Inherited deuce, looking for some help with identification

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rzahnpu10

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Hey gang. My father in law recently passed away and he left his deuce to my wife and I. Any information about the deuce also died with him that day. So I’m looking for some help identifying it. He was still restoring bits and pieces of it and I would like to continue with it. It runs and drives great. I just drove it to his funeral a few days ago.

The title says it’s a 1952 Studebaker. I’ve been researching for a bit and I can’t identify the engine. I haven’t had a whole lot of time under the hood unfortunately. It looks like a V shaped engine block and not an inline 6 which seems odd. Only thing I can think of is someone swapped an engine at some point in its life. It is a diesel with a 5 speed manual direct drive. Also wasn’t sure if it’s supposed to have air assisted brakes. I have to stand on the brake pedal to stop it. I did spot the air tanks mounted under the bed.

I’ve attached pictures of the deuce and the engine bay. Thank you for the help in advance.
 

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Wow at first glance I cant tell what it it is. I have a '53 reo deuce has a gas gold comet engine. What a piece of history you have. Please dont ever get rid of it , what a cool truck. I'm sure one of the history gurus will give you info , just wait it out

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46
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most of these trucks are air assisted hydraulic. Yes pretty much have to to put effort into that brake pedal

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The reciever hitch was definately added to the front bumper . Great for recovery work pulling trailers out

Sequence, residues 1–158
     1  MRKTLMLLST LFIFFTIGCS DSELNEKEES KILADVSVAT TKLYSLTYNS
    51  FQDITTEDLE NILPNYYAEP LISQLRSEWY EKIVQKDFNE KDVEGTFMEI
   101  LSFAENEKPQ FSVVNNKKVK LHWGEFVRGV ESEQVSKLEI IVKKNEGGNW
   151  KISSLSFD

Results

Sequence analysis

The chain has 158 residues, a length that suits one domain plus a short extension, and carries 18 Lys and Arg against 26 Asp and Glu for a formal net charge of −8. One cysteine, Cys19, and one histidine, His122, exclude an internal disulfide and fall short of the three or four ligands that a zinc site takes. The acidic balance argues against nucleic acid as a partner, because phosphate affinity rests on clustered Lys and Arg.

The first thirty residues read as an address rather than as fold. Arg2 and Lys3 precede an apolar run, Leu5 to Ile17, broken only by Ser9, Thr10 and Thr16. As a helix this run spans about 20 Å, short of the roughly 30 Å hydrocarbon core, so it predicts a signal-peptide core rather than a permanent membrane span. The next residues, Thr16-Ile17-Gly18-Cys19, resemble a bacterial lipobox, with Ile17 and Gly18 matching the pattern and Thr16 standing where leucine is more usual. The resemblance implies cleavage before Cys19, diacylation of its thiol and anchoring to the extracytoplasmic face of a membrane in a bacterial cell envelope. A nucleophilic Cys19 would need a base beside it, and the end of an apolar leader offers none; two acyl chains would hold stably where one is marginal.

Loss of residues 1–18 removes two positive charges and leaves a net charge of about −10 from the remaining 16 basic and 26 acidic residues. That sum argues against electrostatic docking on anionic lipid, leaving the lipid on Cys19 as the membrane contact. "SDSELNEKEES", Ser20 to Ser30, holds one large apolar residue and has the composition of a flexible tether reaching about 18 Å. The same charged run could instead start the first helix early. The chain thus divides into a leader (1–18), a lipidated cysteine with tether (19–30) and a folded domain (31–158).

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M35fan

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Greetings and welcome to the forum from Alabama! I'm sorry for your family's loss. Congratulations, however on the truck it looks to be in good shape. The brake pedal on my 72 deuce is stiff, but it stops easily without much force applied. You shouldn't have to "stand on it". I'm sure that more knowledgable folks on here will chime in soon. I reccomend you download the TMs for your truck (posted here at the top of the forum) as they have tons of valuable info. Good luck, and enjoy!
 

m715mike

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I’ll echo M35fan’s comments. I’m sorry for your family’s loss. Also, you shouldn’t have to stand on the breaks. The last time I had to “stand on it” in my truck, it turned out that I had a leaking wheel cylinder.

Keep us posted on your progress with the truck!
 

cattlerepairman

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It would be helpful if you could peek around the engine for any manufacturer plates etc.

6 cylinder four stroke V layout diesels were not very common back in the day. As a repower, I would assume the engine dates to the 1970' or 1980'. International/IH made inline sixes and V8s, it certainly does not look like a Detroit two stroke, it does not look like the ill-fated Oldsmobile etc. 4.3 diesel, Ford used inline diesels or V8 configurations...

I have seen that round IP before and I believe that this is a CUMMINS V6E, 140 or 155 hp.